THE BLOG

Councils Cannot Deal With Disasters Like The Grenfell Fire

07/07/2017 11:42 BST | Updated 07/07/2017 11:43 BST

Councils deal with housing issues, social care issues involving children and older people and people with disabilities. They deal with the collection of rubbish - planning applications and numerous other important local issues.

Most of the those working for councils up and down the land are conscientious and hard working and do a good job.

One problem is that most local residents are only vaguely aware of how councils work and who is in charge of them. Hardly any voters know that councils are made up of salaried council workers and officers doing the actual work and elected councillors who set the targets and strategies for the council often along political lines and ideologies.

The dreadful Grenfell Tower fire has brought to light a lot about the nature of councils - not so much what they can do well but what they cannot do.

Having worked for a council and the police and having been involved in local politics and elections I think the Grenfell Fire tells us several things.

One of the major weaknesses of how local councils work is the pretence around 'consultations' with local residents.

In my experience most consultations with local people are little more than 'rubber stamp' exercises. They are often done to be seen to be done but there is rarely a reality in allowing ordinary citizens - especially poorer ones with little influence - an actual say in what the council does.

When relations with local people do go wrong - with or without a consultation - relations become polarised and local people can quickly become the enemy - as the council turns inwards and ignores them.

In theory all local people in any area should be represented by an elected councillor - but often smaller groups of citizens will not get actual support - especially if they are poorer and less influential.

They can be left in a vacuum of representation and yet assumed to be represented.

The Grenfell fire has - in my view - highlighted another major weakness around most councils up and down the land - that they could ever deal with something as traumatic and disastrous as an incident such as this fire.

It is a nonsense to expect a local Council to move from everyday matters of meetings and processes around welfare and planning and disposing of rubbish - into a world class disaster recovery role involving allegations of neglect and possible crimes and mass death.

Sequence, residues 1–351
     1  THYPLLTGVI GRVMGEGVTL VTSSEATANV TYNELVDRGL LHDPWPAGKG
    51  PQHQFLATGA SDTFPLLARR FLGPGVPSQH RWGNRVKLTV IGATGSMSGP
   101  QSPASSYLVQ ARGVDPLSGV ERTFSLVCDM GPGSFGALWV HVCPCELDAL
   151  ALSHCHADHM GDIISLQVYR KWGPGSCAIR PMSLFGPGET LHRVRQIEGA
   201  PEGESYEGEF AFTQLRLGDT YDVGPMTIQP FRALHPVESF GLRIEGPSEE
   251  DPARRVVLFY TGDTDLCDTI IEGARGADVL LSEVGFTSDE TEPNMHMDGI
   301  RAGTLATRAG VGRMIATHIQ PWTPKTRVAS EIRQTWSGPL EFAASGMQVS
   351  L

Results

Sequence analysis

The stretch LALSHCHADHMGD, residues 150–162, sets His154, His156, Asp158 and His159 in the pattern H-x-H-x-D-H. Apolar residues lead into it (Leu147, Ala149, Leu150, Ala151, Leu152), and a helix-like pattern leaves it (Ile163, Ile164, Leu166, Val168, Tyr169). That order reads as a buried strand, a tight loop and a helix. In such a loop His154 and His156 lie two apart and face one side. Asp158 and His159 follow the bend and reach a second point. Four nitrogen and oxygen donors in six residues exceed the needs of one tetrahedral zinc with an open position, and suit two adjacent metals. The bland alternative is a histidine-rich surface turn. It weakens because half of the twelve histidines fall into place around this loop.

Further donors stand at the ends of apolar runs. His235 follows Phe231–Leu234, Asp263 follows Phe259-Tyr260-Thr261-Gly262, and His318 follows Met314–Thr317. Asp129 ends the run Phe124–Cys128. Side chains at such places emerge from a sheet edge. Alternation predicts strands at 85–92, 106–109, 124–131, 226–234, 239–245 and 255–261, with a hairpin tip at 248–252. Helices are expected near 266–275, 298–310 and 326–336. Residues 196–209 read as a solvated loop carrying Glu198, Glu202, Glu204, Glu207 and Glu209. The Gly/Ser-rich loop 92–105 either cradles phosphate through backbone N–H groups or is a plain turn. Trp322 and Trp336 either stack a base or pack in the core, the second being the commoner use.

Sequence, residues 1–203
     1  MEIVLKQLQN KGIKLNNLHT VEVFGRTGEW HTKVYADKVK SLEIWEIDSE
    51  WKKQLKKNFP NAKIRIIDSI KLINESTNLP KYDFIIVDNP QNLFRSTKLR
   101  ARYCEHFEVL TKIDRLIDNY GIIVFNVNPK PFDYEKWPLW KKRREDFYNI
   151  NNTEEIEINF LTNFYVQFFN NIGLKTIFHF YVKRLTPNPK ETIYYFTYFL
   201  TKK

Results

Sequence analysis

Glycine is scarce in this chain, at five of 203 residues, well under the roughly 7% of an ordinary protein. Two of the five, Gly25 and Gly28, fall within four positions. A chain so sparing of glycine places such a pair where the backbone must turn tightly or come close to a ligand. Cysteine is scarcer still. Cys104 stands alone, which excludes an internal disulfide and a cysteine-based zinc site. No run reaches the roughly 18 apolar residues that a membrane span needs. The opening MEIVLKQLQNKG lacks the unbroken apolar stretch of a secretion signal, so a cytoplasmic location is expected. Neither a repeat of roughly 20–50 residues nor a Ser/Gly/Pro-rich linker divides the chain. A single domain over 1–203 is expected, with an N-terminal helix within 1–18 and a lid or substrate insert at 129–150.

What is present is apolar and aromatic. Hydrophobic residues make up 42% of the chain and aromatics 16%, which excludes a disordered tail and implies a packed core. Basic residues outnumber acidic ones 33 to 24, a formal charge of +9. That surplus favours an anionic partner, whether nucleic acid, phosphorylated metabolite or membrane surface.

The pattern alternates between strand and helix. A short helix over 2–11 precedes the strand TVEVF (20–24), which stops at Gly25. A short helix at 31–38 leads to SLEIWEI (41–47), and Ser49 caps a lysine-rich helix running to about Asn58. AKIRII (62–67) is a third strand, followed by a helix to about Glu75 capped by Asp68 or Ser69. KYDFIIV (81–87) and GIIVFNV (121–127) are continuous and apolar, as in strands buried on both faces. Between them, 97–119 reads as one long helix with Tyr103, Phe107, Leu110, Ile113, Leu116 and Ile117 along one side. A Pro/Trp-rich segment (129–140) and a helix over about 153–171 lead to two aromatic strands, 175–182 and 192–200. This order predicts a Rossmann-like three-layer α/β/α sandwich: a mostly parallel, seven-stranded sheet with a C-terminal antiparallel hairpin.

I doubt that any Council in the land could step up and provide the leadership and urgency of actions required at a terrible disaster like that at the Grenfell Tower.

I heard one one London MP suggesting that all local Councils should have a book somewhere on how to deal with this sort of situation - as if this is anything near what is required.

There needs to be another set of resources ready in the UK to step into the role of disaster recovery - providing people with experience of disasters and the gut wrenching trauma involved in dealing with people who have suffered loss and who may be angry and traumatised themselves.

We cannot and should not delude ourselves that local councils can suddenly step up and deal with something so terrible as the Grenfell Tower fire - or worse.

As I understand the theory of it - the Government could step in and bring in further resources and leadership but in the case of the Grenfell Tower fire have for the most part chosen to leave it in the hands of a failing local Council to continue to let the victims down for weeks after the terrible fire itself. Only now are the Government sending outside 'specialist' - only time will tell if they are the people with the right experience and skills.

Presumably the Government - if they choose to - could send in the military to supplement local efforts - but are they any more experienced in dealing with civil disasters? They would bring disciplined and brave soldiers to lend support - but experience of civil disasters and disaster recovery?

So for me the Grenfell fire highlights a couple of things - it doesn't surprise me that relations between the local council and poorer residents had broken down - most councils cannot and do not actually consult with local people in any meaningful way.

It does not surprise me that a local Council could not morph overnight from an organisation dealing with everyday council matters in a world class PR and disaster recovery resource providing leadership and direction to hundreds of traumatised citizens and dealing with the intensity of world media interest.

The government appears to have sat on its hands and left Kensington and Chelsea Council to continue to fail its most vulnerable citizens in this particular case - this for reasons we may never get to the bottom of.

In a more general sense - anyone who thinks that Councils are necessarily capable of dealing with major disasters like this is wrong. We can ignore this issue for another few years of course, until the next disaster occurs.

This country needs another resource - another agency with experience necessary to deal with the gut wrenching trauma of this sort of situation. This is unlikely to happen of course since it would cost money at a time when the prevalent political ideology that saving money trumps pretty much everything else.